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Written by J.R. Respess   

The Gospel Messenger—December 1890


“Yet Michael, the archangel, when contending with the devil, he disputed about the body of Moses durst not bring against him a railing accusation, butt said, The Lord rebuke thee.”—Jude 9.

What is railing? It is, in general terms, to speak injuriously, to reproach, and to scoff. And they that passed railed on him (Jesus on the cross), wagging their heads (Mark x. v.), and one of the malefactors railed on him, saying, It thou be the Christ, save thyself and us. (Luke xxiii).

Webster defines a railer as one who scoffs, insults, censures or reproaches with opprobrious language. A blasphemer is about the same. Railing is a sin classed with fornication, etc., and the church is commanded that if any man called a brother be a fornicator, or covetous, or an idolater or a RAILER or a drunkard or an extortioner, with such a one we are not to eat (or commune). 1 Cor. v. 

The archangel, contending with the devil even, was not allowed to bring against him a railing accusation; and if it was not allowed to rail against the devil contending for the truth, it is certainly not allowed brethren to rail against each other. No defense of the doctrine of Christ needs railing against anybody, saint or sinner, to sustain it ; and when it is done, even in defense of the truth, it cannot be said to be done in the spirit of God.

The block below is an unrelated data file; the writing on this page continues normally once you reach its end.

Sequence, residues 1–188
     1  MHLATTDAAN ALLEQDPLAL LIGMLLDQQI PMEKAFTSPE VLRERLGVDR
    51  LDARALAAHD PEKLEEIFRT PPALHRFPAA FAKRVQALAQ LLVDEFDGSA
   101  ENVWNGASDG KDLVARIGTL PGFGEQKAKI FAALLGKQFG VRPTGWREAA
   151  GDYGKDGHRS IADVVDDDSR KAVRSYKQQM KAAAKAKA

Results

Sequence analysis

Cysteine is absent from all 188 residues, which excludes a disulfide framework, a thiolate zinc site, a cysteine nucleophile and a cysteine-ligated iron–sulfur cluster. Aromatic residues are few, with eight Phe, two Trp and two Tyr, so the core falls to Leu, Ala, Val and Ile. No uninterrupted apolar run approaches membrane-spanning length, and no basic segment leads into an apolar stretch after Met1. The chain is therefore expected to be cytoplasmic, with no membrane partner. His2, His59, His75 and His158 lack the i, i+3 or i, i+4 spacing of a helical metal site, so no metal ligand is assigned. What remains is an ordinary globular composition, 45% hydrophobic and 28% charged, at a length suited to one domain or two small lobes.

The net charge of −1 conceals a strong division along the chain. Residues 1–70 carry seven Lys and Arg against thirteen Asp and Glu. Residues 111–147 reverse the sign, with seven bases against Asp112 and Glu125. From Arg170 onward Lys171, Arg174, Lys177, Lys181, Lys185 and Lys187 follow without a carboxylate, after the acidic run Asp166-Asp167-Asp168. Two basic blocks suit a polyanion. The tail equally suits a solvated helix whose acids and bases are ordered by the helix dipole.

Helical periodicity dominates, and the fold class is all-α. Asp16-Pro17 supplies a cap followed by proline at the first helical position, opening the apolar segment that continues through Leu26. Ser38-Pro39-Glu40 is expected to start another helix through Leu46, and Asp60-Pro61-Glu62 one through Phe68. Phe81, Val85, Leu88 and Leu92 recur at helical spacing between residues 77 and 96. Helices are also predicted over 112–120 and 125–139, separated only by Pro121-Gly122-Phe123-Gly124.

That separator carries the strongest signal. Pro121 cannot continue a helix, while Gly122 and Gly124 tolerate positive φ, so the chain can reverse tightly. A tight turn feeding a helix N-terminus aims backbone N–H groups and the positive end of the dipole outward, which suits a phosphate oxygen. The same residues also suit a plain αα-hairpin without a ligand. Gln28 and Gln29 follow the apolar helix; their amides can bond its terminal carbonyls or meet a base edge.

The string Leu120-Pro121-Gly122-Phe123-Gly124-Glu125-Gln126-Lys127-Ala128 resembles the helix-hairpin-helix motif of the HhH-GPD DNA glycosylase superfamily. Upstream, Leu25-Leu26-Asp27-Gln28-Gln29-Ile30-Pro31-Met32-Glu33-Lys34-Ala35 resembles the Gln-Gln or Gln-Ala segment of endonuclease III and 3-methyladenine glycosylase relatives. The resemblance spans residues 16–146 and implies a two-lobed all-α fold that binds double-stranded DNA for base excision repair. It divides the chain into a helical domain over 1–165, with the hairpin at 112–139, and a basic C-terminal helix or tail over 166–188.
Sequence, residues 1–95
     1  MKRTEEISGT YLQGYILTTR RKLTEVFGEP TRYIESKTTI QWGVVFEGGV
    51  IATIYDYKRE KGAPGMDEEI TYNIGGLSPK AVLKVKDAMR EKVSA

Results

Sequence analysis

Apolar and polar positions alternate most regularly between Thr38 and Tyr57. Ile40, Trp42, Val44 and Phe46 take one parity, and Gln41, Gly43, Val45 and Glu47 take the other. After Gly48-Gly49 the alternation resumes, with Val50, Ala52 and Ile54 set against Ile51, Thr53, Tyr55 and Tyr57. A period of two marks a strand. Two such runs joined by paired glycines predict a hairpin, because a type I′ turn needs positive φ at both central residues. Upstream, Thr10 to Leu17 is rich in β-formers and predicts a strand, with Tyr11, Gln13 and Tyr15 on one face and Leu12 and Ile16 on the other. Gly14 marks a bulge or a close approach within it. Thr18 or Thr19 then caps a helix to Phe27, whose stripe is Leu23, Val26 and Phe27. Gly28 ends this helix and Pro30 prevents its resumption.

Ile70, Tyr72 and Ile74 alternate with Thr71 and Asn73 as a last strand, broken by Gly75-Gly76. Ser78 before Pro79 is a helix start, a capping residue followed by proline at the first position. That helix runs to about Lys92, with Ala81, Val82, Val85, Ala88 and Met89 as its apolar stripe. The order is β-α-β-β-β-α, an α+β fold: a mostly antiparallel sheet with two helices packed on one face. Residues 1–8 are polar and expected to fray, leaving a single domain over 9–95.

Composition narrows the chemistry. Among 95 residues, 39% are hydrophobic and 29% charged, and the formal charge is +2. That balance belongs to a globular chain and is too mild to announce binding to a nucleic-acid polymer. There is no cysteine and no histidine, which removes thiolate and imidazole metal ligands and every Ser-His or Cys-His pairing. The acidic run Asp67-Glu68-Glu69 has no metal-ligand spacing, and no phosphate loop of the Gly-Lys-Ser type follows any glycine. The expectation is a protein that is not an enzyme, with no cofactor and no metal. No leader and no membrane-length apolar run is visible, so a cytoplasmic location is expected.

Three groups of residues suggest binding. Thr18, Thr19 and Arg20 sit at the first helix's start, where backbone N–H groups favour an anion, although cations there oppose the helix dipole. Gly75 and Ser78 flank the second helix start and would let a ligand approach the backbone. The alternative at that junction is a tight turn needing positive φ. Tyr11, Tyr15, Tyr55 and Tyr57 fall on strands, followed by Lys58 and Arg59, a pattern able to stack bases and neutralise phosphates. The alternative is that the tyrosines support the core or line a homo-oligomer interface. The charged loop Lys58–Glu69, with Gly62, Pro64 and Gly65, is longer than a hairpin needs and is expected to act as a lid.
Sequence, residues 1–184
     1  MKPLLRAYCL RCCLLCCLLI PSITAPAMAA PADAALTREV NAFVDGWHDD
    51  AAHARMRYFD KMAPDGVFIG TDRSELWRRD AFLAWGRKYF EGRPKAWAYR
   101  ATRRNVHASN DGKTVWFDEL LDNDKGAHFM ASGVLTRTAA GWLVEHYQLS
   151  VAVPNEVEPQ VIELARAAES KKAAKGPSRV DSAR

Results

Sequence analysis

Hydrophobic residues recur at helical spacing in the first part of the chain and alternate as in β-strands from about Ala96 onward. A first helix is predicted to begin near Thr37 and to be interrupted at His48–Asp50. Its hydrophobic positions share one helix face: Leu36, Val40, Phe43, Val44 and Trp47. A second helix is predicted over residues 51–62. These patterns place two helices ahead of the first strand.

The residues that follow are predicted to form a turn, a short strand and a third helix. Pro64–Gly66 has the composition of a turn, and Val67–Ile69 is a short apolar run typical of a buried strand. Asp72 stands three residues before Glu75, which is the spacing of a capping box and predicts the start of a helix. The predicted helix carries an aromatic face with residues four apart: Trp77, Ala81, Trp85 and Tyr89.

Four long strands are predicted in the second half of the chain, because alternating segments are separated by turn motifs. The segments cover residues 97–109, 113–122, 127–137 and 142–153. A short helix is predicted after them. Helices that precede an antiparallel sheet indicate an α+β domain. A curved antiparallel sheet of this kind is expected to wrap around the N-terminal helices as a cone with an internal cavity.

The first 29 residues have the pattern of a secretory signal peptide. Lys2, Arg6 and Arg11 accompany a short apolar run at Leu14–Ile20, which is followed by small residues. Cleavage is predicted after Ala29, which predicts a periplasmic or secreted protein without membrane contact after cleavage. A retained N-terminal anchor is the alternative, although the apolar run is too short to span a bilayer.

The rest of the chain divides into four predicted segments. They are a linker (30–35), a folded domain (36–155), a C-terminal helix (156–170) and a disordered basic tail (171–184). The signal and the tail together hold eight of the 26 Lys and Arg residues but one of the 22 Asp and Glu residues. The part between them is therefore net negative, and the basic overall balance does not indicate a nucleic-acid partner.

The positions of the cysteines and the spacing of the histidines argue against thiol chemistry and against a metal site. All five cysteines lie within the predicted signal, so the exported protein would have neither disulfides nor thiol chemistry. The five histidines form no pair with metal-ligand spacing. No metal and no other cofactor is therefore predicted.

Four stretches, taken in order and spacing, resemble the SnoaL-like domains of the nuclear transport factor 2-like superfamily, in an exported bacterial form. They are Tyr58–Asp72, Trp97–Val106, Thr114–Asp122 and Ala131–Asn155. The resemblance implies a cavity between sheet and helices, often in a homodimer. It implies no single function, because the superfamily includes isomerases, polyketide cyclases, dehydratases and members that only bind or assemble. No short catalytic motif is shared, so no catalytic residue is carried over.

I am sure that I cannot be prompted by the spirit of Christ when I seek to belittle my brother because he does not see as I do about something neither of us understand.

And I should think that my brother who differs with me and speaks injuriously to my views even to the extent of railing against what I conceive to be the truth, that that should not license me to give railing for railing, to rail against him because he railed against me. Not at all. The command is not to do it—“Not rendering evil for evil or railing for railing.” Christ left us an example his own life that we should follow his steps; and he did no sin, neither was guile found in his mouth, who, when he was reviled, reviled not again; when he suffered, he threatened not, but committed himself to him that judged righteously.”—1 Pet. ii.